Developing for the cloud is nothing new. After all, the oldest players in the league are now more than a decade old. But what we often describe as cloud development usually means: development for a particular provider.

Vendor lock-in is a big problem in this field, with companies unable to change their platform even when a better alternative comes up. The Cloud Native Computing Foundation (CNCF) is trying to change this trend. Cloud-native computing uses readily available resources (whether cloud or on-premise) and abstracts them away. And it does this while sticking to the core principles of cloud computing: high availability, scalability, and flexibility.

This series of articles will present the most important tools from the CNCF landscape. In this installment, you’ll learn about Envoy, the cloud-native proxy.

What Is Envoy?

 

The project’s web page describes Envoy as “an Open Source edge and service proxy, designed for cloud-native applications.” To put this information in context, let’s dig a bit deeper.

Different Types of Proxies

An edge proxy is a proxy server that serves the load to the clients. All external traffic passes through this proxy and enters your internal network later on. External load balancers act as edge proxies, as they handle the requests directed to a particular network domain. They are generally deployed as close to the clients as possible, meaning they reside on the edge of your network, hence the “edge proxy” name.

A service proxy, on the other hand, is deployed as close to the services as possible. Usually, this means a sidekick container on the same machine. Why use a service proxy? It can add observability, automated encryption of internal network traffic, zone-aware routing, and automatic retries.

The Benefits of Using Envoy

Unlike the popular web servers and proxies (Apache, Nginx, HAProxy), Envoy uses a standard configuration syntax–either JSON or YAML. This doesn’t mean that it’s much more readable, as you can clearly see in a sample configuration file. Even if you don’t know the meaning of all the fields, you can visually distinguish some important-looking blocks just by looking at the file, such as listeners, filter chains, virtual hosts, and clusters. Readability of the configuration file, however, is not a huge problem. That’s because Envoy has built-in support for service discovery. It’s “designed for cloud-native applications” after all!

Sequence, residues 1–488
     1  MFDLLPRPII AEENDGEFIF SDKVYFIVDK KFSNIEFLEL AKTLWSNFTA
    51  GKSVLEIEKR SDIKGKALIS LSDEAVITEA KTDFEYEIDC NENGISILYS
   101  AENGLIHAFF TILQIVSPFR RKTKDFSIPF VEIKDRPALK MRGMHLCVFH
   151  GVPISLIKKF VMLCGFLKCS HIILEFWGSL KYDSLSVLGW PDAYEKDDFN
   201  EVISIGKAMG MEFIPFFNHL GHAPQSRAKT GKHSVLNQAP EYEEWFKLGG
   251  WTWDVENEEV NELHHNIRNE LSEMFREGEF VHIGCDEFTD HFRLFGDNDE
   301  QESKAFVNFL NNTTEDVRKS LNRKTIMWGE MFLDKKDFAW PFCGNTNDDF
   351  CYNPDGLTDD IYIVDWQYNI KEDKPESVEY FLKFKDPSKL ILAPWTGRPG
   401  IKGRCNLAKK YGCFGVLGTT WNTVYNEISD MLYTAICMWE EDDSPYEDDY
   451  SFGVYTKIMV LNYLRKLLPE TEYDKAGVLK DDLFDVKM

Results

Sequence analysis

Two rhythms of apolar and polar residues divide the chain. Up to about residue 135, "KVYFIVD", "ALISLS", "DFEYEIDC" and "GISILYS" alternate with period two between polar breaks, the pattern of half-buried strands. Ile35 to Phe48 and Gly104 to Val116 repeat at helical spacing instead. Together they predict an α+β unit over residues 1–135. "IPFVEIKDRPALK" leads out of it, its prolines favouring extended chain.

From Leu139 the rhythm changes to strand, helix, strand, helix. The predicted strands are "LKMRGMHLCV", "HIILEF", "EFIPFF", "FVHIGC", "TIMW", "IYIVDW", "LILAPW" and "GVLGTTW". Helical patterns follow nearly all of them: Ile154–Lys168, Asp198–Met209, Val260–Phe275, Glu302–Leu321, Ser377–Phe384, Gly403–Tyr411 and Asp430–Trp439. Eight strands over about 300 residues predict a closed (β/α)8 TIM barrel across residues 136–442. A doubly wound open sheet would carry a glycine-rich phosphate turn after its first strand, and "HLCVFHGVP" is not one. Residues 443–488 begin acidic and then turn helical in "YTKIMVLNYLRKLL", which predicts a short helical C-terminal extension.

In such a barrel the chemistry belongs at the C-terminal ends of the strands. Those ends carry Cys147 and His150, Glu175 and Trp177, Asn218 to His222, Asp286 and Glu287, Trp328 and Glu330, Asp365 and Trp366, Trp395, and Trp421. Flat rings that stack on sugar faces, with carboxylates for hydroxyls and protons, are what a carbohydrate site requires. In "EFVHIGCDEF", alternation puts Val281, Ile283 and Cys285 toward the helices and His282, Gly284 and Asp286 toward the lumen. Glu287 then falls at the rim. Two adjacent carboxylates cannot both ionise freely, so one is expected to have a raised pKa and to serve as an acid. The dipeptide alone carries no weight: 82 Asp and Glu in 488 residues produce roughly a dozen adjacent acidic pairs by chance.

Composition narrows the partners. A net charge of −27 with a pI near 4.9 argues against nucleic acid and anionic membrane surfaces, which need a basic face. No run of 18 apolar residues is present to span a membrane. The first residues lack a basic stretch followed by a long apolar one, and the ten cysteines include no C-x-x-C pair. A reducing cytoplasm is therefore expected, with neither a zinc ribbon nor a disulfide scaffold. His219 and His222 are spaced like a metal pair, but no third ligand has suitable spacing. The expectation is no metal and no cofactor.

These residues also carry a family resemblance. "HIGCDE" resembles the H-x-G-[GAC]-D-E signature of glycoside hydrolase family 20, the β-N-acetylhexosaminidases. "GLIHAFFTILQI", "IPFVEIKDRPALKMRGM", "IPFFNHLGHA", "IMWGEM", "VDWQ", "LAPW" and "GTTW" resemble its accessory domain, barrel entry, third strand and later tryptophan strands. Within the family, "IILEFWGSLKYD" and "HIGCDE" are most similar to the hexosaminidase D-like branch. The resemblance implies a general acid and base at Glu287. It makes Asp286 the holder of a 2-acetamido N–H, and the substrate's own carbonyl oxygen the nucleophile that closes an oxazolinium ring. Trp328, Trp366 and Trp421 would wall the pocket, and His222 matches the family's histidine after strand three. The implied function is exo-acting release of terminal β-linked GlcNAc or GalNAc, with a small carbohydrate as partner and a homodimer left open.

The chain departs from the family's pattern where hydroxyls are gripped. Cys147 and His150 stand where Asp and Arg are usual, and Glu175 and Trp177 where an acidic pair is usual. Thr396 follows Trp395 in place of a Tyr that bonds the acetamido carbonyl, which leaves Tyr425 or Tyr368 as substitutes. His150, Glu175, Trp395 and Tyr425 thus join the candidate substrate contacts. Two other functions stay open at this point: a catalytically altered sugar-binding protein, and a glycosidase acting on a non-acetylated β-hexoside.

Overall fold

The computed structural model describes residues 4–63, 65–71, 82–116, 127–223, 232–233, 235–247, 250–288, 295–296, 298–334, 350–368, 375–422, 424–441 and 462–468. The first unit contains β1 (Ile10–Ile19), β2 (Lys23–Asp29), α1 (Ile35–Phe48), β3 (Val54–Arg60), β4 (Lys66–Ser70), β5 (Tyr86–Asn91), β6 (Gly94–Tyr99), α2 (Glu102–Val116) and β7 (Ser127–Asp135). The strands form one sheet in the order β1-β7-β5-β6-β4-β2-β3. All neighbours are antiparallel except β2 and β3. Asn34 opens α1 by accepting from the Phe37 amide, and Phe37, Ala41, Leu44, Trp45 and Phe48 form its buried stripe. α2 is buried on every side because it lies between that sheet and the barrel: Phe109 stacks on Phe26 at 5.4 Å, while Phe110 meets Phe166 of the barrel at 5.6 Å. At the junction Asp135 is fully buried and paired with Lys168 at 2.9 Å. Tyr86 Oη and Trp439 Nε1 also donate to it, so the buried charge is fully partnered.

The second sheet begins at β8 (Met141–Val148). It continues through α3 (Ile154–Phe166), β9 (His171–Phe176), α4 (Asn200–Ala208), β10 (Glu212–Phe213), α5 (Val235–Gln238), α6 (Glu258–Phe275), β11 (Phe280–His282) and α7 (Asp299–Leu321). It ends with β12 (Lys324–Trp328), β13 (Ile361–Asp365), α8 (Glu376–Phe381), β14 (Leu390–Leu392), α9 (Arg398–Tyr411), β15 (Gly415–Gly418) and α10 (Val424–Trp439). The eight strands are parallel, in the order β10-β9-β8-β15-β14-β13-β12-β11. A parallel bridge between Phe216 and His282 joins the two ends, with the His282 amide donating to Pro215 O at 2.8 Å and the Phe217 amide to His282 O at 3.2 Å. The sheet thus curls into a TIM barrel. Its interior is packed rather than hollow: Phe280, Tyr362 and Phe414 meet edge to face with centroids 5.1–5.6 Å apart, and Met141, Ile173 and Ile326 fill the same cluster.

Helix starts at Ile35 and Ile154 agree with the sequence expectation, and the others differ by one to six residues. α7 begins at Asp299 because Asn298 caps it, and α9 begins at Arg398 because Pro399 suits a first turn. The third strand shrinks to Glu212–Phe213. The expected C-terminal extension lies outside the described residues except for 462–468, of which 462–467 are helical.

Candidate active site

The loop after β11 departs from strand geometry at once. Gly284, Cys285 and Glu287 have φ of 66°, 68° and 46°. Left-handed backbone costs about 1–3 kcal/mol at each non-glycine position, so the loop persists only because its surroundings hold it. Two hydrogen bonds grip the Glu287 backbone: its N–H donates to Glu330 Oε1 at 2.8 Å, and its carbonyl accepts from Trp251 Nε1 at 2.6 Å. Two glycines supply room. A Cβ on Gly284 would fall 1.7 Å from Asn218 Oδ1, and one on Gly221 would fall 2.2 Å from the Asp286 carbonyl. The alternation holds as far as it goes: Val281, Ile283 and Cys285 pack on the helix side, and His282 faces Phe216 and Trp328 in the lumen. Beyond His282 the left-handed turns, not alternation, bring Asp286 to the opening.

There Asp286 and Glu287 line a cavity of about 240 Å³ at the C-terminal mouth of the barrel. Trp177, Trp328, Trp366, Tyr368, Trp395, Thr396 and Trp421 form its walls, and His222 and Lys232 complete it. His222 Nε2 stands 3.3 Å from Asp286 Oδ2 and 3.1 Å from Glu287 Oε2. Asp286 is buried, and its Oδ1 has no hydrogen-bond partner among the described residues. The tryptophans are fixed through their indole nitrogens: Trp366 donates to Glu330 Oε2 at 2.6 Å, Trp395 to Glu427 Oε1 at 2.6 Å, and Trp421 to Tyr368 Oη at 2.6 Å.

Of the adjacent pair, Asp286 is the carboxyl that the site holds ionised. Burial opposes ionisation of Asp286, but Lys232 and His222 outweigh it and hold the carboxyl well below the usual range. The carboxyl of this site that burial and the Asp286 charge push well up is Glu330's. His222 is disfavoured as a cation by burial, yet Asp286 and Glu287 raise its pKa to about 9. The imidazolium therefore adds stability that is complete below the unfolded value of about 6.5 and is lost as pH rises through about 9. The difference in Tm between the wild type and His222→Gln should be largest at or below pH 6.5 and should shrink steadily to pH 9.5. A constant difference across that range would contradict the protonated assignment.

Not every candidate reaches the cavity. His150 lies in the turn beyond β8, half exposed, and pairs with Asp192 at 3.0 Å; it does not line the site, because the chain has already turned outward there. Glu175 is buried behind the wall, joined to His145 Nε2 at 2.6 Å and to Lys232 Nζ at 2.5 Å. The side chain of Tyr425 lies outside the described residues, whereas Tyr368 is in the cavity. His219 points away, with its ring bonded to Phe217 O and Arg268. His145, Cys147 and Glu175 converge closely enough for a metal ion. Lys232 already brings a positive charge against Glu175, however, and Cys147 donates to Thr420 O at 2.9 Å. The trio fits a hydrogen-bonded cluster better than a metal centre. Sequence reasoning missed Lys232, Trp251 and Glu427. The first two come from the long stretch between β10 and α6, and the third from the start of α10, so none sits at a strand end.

On the other hand, the situation with service discovery is not as straightforward. One of the solutions here, rotor, has not been maintained since the company behind it shut down, although you can still use it for evaluation purposes if you want. It supports integration with Kubernetes, Consul, AWS EC2, AWS ECS, and DC/OS. But unless you want to maintain the codebase in-house, you probably wouldn’t run it in production.

The other popular solution for service discovery is Istio, which we’ll also cover in this series. The Envoy project on GitHub contains a simple service discovery template written in Go as well, which you can customize to your needs if neither of the off-the-shelf solutions is right for your use case.

Running Envoy

Envoy has great documentation that features useful examples on how to run it. Several use cases are available, including for when it is acting as a front proxy or gRPC bridge or when you are using features like tracing and fault injection.

The front proxy example utilizes a simple Flask application written in Python. Both the application and Envoy run in containers, so all you need to do (assuming you have Docker and Docker Compose already installed) is run the following commands:

git clone https://github.com/envoyproxy/envoy.git
cd envoy/examples/front-proxy
docker-compose pull
docker-compose up --build

The system listens on port 8000, and the routes it serves are /service/1 and /service/2. To test the connection you can use cURL: curl -v localhost:8000/service/1